We got an early start, but the heat was well over 100f by the time we finished around 10am. Still, we were rewarded with some once in a lifetime views and scenes.

More Uluru

The next day we went on a similar exploration of the area known as Kata Tjuta. Here, we saw much more wildlife (including our first views of wild kangaroos). Again, we went out early to avoid the heat, and spent the hottest part of the day indoors. The next day (or maybe the day after), we checked out and drove (sort of) towards Alice Springs.

Alice SpringsPath to rim walk

We took a detour on the way to Alice Springs to visit Kings Canyon. With the kids (and given that we had a long day of driving ahead of us), we just hiked to the first lookout – but if I ever, for some reason, end up at Kings Canyon again, I would love to do the rim walk – the picture at the right shows the “entrance” to the rim walk – a massive carved staircase that takes hikers up to “rim level”.

On our way out of the park, I took a little grief from my travel companions for an unavoidable murder of a large (~2 foot) lizard who happened to be basking in the middle of the road as I drove. Fortunately, I redeemed myself a few hours later when I managed to miss a kangaroo who bounced across the road in front of me.

Our buddyWe arrived safe and sound in Alice Springs, and spent a few days relaxing and exploring a bit. We found our way to Desert Park, a zoo of sorts, filled with animals and plants native to the central Australian desert. It was there where we were able to meet the guy on the left. We drove directly from Desert Park to the Alice Springs airport.


We landed in Cairns early evening on December 24th, and had a small in-room Christmas celebration before grabbing some food and spending most of the rest of the day in the pool.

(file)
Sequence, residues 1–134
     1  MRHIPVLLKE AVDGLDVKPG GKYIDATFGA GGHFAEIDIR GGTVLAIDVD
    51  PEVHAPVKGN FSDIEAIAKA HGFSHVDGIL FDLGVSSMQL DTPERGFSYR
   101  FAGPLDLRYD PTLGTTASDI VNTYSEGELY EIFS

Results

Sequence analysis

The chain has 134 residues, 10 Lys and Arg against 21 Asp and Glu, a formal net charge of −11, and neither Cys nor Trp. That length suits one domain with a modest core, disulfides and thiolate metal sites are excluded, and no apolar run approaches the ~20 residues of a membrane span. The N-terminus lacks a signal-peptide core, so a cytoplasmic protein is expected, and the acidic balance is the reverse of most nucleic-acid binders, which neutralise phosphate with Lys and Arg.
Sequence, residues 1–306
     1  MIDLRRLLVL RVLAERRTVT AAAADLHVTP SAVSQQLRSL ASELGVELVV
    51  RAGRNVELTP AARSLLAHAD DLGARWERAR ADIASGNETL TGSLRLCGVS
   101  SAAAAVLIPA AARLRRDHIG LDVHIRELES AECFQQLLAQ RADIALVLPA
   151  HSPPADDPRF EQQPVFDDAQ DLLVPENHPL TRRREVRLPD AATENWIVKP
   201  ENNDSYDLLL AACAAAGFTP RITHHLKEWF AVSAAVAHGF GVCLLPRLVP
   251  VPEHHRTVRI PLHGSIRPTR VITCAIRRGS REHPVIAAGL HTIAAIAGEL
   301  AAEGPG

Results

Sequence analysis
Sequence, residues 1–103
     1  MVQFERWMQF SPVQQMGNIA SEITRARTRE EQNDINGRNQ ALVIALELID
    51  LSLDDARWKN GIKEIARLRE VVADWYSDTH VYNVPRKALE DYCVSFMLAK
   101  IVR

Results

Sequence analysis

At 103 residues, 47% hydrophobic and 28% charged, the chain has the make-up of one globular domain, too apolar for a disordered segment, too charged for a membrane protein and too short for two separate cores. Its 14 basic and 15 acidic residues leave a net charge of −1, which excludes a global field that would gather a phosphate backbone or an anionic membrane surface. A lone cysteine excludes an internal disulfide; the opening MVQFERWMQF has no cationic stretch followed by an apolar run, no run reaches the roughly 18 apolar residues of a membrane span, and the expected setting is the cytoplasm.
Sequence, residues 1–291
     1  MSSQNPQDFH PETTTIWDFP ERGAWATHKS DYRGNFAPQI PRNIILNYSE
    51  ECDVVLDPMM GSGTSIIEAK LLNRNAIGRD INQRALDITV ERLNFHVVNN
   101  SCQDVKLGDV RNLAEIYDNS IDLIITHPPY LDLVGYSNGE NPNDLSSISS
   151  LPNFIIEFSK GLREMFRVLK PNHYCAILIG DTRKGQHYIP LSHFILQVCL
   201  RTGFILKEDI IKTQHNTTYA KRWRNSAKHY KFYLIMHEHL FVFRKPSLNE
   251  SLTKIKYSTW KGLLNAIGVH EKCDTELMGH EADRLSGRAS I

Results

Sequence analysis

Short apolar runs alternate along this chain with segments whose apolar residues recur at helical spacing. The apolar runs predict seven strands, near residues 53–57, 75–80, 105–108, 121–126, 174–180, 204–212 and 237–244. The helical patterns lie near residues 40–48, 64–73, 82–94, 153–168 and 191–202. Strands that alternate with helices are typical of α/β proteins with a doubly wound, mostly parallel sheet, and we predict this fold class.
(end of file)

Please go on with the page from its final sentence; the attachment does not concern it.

We spent the next two days snorkeling the Great Barrier Reef, and had an amazing time. The second day was only the boy and I, but we were able to track down both a ray and a shark (a two-foot long non-man-eating shark, but it was exciting anyway). After another day (or two – who remembers?), we were off to Brisbane.


Brisbane was essentially our gateway city to the beach, but we made sure we had a full day to soak up what we could. The Queensland museum had an exhibit by Cai Guo-Qiang that Museum 1was quite interesting. Pictures to the right and below (and more info here). We also spent a big chunk of time at the South Bank park swimming and lounging – and enjoying some great restaurants.

Museum 2

Gold Coast / Sunshine Coast

Next up was five or so days each on the Gold Coast and Sunshine Coast (both fairly short train-rides from Brisbane). The kids and I spent three days at Dream World and White Water world amusement parks (where I somehow was talked into riding this monstrosity.Kill me now

Other than that, we mostly played on the beach (or in the pool). I finished up reading a few books I’d been working through, and downloaded and read half a dozen novels as well.


I went to Melbourne last year as a quick side trip after giving a few presentations in Sydney. This time, with family in tow, I didn’t hit quite as many restaurants as last time, but we were able to tack on the incredible Melbourne zoo, and the aquarium. LemurI especially enjoyed hanging out with the lemurs, but I was impressed with just about every animal exhibit (note the lack of basketball in any of these pictures – that’s an inside joke for PK and KK).KeithTortoise

The aquarium was equally impressive – especially for the shark lover in our family. I’ll let the picture tell the story here.

Ba-dum   Ba-dum...

Sydney (part 2)

We spent the final four days of our trip back in Sydney. This time we stayed at the Holiday Inn (located right between the Opera House and the Sydney Bridge – with a rooftop pool that views both!). We forced the kids to walk across the Sydney Bridge (and back), and explored the aquarium (almost déjà vu, but there were quite a few different fish and sharks in the Sydney aquarium).Bridge from Opera HouseOpera House from pool

More bridge shots

We saw The Illusionists at the Opera House (in the concert hall), and the kids and I went to see a play in the downstairs playhouse the next day. We tried to see as much as we could before we left, but I’m sure we missed some must-see places (both in Sydney, and in our other adventures).

At this point, or body clocks are all back in the correct time zone, and we’re all slowly getting back into the rhythm of our west coast lives. It was a fantastic trip, and one we will remember for a long, long time.